Following a tip-off from Australian police, operatives from the Philippine National Police’s (PNP) Women and Children Protection Center – Visayas Field Unit (WCPC-VFU) searched the online trafficker’s home in Barangay Basak, Lapu-Lapu City at noon on Wednesday 10 July. They found child sex abuse materials stored on his electronic devices.
His 2-year-old son, who is shown in some of the sexually explicit images, is now under the custody of the Department of Social Welfare and Development (DSWD).
The online trafficker’s arrest came two weeks after police rescued two Filipino children, young siblings ages 6 and 7, who were victims of Darek (not his real name). While the suspect’s identity is not confidential, disclosing his real name will lead to the identification of his son, who is a victim.
The WCPC-VFU rescued the two children on 24 June in Talisay City. On 8 July, Judge Ramon Daomilas of the Cebu City Regional Trial Court 11 granted WCPC-VFU warrants to search the suspect’s electronic devices and home in Lapu-Lapu City for evidence of cybersex trafficking.
All the children are in the care of the DSWD and are receiving trauma-informed interventions.
Queensland Police Service found out sometime in 2017 that Darek, believed to be a computer engineer, had been producing sexually explicit images of Filipino children. They then coordinated with the German police, WCPC and the Philippine Internet Crimes Against Children Center (PICACC).
The PICACC serves as a hub for domestic Philippine and foreign law enforcement collaborative efforts to combat cybersex trafficking, also known as the online sexual exploitation of children (OSEC). The PICACC is a joint initiative between the National Bureau of Investigation and the Philippine National Police supported by the Australian Federal Police (AFP), United Kingdom National Crime Agency and non-government organisation International Justice Mission (IJM).
“Today's arrest of a German national shows the global nature of the crime of online sexual exploitation of children,” said Col. Romeo Perigo, chief of WCPC-VFU. “We are fully committed to arresting not only the local online traffickers, but also foreigners residing in the Philippines who are exploiting our children online. May today's arrest serve as a warning not only for foreign perpetrators living in our country, but for all online predators around the world. This crime does not pay. You will be arrested ... it's just a matter of time.”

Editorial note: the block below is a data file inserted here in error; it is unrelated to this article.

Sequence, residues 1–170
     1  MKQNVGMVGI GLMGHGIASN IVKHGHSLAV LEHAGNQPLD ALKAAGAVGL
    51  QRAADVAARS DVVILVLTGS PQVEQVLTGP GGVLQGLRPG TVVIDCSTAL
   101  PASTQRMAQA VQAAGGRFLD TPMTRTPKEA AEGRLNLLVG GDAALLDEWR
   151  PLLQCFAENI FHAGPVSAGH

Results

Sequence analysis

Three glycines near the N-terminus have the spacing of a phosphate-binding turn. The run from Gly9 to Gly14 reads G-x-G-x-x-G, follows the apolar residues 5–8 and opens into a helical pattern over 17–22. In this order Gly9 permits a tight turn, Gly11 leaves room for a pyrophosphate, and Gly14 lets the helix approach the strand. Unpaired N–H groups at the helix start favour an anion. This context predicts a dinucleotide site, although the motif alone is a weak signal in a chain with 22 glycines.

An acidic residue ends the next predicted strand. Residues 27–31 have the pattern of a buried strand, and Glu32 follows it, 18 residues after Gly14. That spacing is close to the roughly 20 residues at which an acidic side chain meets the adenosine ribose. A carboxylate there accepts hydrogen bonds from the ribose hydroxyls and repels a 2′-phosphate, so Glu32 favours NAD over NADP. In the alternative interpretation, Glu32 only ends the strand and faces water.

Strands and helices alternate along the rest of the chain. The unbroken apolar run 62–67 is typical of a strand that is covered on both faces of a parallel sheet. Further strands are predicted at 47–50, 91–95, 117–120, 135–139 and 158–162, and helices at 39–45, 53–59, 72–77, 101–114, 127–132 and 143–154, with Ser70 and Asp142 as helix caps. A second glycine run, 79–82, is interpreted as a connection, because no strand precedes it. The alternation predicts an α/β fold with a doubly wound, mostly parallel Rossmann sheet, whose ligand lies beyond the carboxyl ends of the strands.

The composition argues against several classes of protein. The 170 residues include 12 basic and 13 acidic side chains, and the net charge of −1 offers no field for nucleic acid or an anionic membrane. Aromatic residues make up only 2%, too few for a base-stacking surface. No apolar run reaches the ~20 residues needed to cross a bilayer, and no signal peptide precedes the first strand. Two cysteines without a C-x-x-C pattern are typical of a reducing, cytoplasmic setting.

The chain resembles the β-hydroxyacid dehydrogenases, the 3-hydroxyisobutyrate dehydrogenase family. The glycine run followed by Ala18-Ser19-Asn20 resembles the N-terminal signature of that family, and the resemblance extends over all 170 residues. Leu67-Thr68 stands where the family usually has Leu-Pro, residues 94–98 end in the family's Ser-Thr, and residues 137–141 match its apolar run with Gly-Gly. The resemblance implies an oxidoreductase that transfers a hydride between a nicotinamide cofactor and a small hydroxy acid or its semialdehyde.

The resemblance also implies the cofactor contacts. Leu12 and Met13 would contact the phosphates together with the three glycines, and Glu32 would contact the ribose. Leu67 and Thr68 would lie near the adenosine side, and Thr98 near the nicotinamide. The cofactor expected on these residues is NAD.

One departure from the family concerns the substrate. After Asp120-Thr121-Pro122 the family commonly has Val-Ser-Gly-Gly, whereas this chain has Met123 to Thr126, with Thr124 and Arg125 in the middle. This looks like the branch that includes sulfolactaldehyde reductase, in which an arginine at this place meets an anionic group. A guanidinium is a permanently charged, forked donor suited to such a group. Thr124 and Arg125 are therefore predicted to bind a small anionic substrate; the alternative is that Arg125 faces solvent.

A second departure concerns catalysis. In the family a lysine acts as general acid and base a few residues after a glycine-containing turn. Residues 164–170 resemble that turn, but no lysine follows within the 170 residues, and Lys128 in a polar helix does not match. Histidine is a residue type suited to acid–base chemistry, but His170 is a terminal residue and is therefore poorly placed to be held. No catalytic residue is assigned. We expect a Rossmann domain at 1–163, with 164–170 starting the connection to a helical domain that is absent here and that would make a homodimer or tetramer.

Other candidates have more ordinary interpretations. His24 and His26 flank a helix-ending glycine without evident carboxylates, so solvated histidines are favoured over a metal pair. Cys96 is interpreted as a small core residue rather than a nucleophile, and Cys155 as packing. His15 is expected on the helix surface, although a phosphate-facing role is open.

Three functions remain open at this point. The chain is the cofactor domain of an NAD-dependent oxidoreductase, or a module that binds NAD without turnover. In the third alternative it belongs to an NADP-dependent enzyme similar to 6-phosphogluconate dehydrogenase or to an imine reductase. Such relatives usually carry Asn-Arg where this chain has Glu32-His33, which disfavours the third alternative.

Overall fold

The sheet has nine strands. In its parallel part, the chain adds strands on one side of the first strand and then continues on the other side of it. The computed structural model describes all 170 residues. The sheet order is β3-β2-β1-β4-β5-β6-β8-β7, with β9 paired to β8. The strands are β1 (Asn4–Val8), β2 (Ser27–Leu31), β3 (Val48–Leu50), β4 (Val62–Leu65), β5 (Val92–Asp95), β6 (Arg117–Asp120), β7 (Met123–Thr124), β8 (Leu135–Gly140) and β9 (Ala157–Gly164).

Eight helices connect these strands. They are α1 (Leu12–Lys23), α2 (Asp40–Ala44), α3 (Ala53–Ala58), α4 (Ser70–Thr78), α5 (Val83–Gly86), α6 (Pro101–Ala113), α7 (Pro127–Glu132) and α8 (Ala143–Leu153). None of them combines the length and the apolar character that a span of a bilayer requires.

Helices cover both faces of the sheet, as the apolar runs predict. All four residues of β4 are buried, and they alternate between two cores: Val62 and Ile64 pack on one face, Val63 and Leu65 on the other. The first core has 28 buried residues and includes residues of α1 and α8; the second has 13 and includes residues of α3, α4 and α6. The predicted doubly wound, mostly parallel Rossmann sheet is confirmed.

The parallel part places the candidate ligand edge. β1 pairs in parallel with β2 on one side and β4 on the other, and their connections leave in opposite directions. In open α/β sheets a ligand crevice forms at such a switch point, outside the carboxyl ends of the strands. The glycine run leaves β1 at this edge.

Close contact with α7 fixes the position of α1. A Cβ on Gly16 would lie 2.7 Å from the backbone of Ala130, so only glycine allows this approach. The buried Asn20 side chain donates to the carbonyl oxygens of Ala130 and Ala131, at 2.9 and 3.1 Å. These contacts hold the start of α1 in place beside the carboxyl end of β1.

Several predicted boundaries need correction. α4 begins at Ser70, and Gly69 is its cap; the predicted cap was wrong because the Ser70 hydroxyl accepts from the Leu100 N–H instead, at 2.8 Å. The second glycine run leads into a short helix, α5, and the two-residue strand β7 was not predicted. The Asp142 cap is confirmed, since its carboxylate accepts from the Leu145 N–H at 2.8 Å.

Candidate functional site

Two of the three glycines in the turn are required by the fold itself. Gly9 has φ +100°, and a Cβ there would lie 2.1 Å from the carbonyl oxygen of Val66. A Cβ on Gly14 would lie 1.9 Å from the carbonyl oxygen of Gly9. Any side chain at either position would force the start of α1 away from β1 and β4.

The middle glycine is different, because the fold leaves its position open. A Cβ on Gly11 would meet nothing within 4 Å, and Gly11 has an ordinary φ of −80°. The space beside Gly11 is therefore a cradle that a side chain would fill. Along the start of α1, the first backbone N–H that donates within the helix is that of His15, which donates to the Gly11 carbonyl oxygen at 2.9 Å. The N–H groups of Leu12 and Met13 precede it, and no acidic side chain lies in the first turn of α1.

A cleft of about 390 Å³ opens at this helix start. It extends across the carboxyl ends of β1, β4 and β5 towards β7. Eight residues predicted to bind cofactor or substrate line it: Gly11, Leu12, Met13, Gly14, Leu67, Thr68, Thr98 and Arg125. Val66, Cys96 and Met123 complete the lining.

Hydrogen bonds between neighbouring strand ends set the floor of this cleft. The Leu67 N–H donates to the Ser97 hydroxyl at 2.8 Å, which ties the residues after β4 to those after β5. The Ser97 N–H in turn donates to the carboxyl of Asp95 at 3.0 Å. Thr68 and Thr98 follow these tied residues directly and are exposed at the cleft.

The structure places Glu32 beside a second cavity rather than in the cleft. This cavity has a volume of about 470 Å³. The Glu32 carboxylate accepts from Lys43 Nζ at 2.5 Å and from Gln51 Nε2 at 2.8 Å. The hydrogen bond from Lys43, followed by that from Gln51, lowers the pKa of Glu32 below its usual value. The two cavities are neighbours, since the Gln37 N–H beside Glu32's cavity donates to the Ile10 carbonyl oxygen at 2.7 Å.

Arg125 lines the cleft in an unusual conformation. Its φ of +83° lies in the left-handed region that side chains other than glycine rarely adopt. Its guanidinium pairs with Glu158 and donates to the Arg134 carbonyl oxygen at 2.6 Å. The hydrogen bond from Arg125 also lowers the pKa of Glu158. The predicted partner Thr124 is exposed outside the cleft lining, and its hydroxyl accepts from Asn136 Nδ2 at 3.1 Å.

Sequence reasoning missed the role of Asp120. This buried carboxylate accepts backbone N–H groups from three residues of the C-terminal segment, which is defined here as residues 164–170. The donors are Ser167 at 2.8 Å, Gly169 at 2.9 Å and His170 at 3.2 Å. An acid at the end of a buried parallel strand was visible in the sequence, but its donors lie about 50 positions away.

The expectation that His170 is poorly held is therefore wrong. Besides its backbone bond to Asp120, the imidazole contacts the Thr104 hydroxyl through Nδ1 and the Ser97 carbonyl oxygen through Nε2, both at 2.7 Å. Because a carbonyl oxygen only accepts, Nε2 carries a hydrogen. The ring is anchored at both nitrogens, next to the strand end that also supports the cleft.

Regional Prosecutor Fernando Gubalane also took part in the implementation of the search warrant, representing the Department of Justice’s Task Force Against Trafficking in Persons and the Inter-Agency Council Against Trafficking in Persons (IACAT) 7.
Also supporting Wednesday’s operation were the PNP Anti-Cybercrime Group – Crame, Regional Anti-Cybercrime Office 7, Lapu-Lapu City Police Office, Department of Social Welfare and Development, Bureau of Immigration – Cebu District, and IJM.
Occurring in different communities in the Philippines, cybersex trafficking is a crime that violates the Anti-Trafficking in Persons Act or Republic Act (RA) No. 9208 (as amended by RA 10364), which comes with a maximum penalty of life imprisonment and a fine of two (2) million to five (5) million pesos (A$56,000 to A$140,000). Typical cybersex trafficking offenses also violate RA 10175 (Cybercrime Prevention Act of 2012), RA 9775 (Anti‐Child Pornography Act of 2009) and RA 7610 (Child Abuse Law). Each of these violations have penalties equivalent to 12 to 40 years imprisonment.
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INTERNATIONAL JUSTICE MISSION is a global organisation that protects the poor from violence throughout the developing world. IJM partners with local authorities to rescue victims of violence, bring criminals to justice, restore survivors and strengthen justice systems.
For more information, visit IJM.org.au.
International Justice Mission is a global organisation that protects the poor from violence throughout the developing world. IJM partners with local authorities to rescue victims of violence, bring criminals to justice, restore survivors, and strengthen justice systems.Find out more
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